US6468557 *5 Jan 200122 Oct 2002Alphamed Pharmaceutical Corp.Method for treating infectious viral diseases
US657287427 Jul 20003 Jun 2003Umd, Inc.Vaginal delivery of bisphosphonates
US658599716 Aug 20011 Jul 2003Access Pharmaceuticals, Inc.Mucoadhesive erodible drug delivery device for controlled administration of pharmaceuticals and other active compounds
US6656508 *17 Apr 19972 Dec 2003Amgen Inc.Sustained-release alginate gels
US672987913 Mar 20024 May 2004Ultradent Products, Inc.Dental bonding methods for adhering amalgam restoratives to dental substrates
US674380129 Aug 20021 Jun 2004Edward T. Wei1,2,3,6-tetrahydropyrimidine-2-one compositions and therapeutic methods therewith for pain and inflammation
US675641713 Mar 200229 Jun 2004Ultradent Products, Inc.Dental bonding compositions for adhering amalgam restoratives to dental substrates
US677700028 Feb 200117 Aug 2004Carrington Laboratories, Inc.Sustained release
US688804321 Dec 20013 May 2005Kimberly-Clark Worldwide, Inc.Feminine care products for the delivery of therapeutic substances
US689970021 Dec 200131 May 2005Kimberly-Clark Worldwide, Inc.Therapeutic agent delivery tampon
US706028726 Jul 200013 Jun 2006Bioform Inc.permanent, biocompatible material for soft tissue augmentation; gel carrier for administration; urethral sphincter augmentation for treatment of incontinence, for filling soft tissue voids or creating soft tissue blebs, for mammary implants, and for the treatment of unilateral vocal cord paralysis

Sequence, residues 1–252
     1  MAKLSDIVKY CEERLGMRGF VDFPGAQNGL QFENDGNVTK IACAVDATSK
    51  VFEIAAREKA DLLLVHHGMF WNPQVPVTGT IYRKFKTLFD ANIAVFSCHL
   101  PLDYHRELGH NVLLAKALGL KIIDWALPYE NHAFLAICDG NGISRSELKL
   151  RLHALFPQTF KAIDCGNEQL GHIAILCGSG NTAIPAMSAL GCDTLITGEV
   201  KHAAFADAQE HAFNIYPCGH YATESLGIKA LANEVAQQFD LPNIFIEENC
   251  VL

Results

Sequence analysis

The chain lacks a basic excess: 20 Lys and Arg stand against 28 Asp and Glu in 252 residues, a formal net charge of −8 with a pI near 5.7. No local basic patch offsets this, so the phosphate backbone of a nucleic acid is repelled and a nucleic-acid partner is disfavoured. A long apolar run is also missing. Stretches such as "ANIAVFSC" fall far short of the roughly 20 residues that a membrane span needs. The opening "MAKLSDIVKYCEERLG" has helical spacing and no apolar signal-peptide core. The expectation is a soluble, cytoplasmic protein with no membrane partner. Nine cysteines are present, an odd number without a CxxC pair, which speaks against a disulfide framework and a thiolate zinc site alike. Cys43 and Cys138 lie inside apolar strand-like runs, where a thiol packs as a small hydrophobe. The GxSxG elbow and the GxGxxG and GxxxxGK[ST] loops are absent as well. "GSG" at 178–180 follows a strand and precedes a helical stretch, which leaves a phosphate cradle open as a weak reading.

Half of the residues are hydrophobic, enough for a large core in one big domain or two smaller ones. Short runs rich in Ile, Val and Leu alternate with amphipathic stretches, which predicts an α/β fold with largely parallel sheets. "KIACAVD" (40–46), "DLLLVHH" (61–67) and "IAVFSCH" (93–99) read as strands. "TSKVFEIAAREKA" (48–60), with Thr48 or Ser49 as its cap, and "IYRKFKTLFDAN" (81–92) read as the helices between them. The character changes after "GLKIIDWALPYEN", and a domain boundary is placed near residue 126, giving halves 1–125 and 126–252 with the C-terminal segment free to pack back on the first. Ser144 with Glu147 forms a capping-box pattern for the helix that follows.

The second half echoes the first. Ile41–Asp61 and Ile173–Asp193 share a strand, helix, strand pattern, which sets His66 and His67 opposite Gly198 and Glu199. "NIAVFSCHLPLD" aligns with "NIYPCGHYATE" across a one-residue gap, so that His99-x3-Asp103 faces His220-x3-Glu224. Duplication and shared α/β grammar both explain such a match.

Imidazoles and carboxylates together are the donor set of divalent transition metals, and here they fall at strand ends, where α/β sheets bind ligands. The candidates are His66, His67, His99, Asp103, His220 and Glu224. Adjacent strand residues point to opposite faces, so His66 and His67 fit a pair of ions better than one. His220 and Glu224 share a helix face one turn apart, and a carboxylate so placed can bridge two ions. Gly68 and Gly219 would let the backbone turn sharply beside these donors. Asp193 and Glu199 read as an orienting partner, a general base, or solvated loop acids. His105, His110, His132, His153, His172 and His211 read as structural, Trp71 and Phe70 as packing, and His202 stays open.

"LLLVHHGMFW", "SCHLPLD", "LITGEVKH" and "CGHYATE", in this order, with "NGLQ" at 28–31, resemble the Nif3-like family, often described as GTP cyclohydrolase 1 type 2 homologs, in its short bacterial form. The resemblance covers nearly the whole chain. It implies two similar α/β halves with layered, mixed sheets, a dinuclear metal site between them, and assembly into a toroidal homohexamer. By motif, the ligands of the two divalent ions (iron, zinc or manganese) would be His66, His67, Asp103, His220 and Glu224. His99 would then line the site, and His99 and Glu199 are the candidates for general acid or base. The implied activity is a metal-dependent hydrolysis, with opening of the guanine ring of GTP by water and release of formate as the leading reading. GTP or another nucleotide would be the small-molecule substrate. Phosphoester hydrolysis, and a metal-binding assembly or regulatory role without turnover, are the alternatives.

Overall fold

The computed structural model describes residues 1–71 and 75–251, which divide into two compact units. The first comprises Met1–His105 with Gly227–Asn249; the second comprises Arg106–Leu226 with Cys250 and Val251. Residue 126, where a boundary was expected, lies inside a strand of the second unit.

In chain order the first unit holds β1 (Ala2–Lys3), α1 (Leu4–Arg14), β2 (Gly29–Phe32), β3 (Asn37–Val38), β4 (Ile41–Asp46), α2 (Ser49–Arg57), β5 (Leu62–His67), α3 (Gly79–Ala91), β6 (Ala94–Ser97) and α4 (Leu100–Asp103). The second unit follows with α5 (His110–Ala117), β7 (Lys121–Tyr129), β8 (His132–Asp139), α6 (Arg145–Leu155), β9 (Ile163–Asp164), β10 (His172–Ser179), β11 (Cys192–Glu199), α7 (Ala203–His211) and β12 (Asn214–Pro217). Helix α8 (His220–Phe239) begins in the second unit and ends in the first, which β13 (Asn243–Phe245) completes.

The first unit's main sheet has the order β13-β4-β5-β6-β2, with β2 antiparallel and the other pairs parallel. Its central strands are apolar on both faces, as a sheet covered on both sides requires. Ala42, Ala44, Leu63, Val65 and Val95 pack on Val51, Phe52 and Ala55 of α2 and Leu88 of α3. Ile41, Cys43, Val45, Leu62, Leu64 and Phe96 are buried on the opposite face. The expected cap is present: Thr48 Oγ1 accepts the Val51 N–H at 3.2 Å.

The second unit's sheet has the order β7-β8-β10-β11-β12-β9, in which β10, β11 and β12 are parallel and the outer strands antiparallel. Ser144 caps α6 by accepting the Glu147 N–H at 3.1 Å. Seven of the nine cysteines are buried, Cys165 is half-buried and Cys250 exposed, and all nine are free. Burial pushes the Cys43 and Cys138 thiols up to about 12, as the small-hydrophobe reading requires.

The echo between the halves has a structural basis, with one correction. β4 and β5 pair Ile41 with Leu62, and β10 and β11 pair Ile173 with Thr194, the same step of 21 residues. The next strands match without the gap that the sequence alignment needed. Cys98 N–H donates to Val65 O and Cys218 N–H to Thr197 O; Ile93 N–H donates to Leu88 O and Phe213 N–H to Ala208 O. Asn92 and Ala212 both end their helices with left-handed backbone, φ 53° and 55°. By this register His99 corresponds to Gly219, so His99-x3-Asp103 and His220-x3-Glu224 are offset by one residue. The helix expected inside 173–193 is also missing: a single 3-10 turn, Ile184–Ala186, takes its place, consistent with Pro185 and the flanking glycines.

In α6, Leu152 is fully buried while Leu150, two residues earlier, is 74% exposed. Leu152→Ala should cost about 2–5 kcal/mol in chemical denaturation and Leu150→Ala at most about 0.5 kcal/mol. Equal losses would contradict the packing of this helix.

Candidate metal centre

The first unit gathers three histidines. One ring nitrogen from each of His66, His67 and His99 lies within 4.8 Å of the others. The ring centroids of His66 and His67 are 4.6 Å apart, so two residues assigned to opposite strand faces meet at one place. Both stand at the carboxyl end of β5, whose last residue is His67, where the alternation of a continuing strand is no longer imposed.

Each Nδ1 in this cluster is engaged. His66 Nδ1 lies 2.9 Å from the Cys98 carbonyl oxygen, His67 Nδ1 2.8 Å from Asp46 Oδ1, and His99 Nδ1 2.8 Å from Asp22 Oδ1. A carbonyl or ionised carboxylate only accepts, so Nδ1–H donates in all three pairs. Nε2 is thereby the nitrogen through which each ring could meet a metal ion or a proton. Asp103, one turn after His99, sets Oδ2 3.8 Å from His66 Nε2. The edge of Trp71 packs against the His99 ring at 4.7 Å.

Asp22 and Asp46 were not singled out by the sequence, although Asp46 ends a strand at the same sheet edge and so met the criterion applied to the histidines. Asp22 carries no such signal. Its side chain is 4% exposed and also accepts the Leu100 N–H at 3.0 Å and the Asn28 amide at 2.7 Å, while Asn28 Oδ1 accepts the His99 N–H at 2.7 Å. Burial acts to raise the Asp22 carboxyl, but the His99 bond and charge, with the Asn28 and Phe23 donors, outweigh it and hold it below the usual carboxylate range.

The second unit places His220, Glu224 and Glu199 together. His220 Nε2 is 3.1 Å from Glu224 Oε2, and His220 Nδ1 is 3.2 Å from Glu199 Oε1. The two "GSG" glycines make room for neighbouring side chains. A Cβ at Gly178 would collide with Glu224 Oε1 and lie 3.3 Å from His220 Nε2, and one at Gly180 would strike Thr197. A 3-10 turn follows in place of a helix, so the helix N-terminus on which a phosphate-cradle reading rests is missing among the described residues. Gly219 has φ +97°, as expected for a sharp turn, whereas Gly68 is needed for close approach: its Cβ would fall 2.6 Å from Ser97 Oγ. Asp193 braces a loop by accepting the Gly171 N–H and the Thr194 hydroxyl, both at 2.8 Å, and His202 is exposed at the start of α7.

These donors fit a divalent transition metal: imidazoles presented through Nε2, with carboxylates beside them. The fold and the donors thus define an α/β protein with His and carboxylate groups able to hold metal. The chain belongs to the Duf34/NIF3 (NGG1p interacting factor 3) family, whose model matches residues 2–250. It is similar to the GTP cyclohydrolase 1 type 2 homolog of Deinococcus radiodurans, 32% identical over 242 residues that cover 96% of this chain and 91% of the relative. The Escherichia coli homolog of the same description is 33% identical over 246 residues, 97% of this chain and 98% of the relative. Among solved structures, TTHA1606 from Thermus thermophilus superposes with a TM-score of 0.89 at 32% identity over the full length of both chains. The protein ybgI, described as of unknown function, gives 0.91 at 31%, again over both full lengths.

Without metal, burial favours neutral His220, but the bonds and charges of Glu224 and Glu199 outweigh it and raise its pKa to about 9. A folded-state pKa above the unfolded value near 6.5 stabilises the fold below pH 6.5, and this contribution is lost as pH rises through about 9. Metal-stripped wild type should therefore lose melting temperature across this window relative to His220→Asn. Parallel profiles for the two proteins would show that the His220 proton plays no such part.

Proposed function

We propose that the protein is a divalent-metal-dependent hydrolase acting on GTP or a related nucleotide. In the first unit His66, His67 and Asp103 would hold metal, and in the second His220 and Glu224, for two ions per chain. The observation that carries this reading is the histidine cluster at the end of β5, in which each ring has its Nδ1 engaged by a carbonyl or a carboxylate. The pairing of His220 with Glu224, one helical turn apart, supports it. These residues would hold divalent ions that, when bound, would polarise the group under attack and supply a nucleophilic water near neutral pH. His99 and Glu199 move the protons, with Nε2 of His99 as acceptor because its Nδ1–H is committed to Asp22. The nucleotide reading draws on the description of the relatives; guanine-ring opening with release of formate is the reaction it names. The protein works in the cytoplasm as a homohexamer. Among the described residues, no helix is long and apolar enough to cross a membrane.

US749466929 Aug 200324 Feb 2009Carrington Laboratories, Inc.Delivery of physiological agents with in-situ gels comprising anionic polysaccharides
US75760671 Dec 200418 Aug 2009Isis Pharmaceuticals, Inc.Pulsatile release compositions and methods for enhanced intestinal oligonucleotide drug absorption
US75790191 Mar 200525 Aug 2009Arius Two, Inc.Pharmaceutical carrier device suitable for delivery of pharmaceutical compounds to mucosal surfaces
US766240928 Feb 200116 Feb 2010Gel-Del Technologies, Inc.Biocompatible protein materials compressed with one or more biocompatible solvents to remove bulk solvent and form an interacting protein matrix material.
US769198623 Apr 20036 Apr 2010Nanotherapeutics, Inc.High molecular weight, low methoxyl pectins, and their production and uses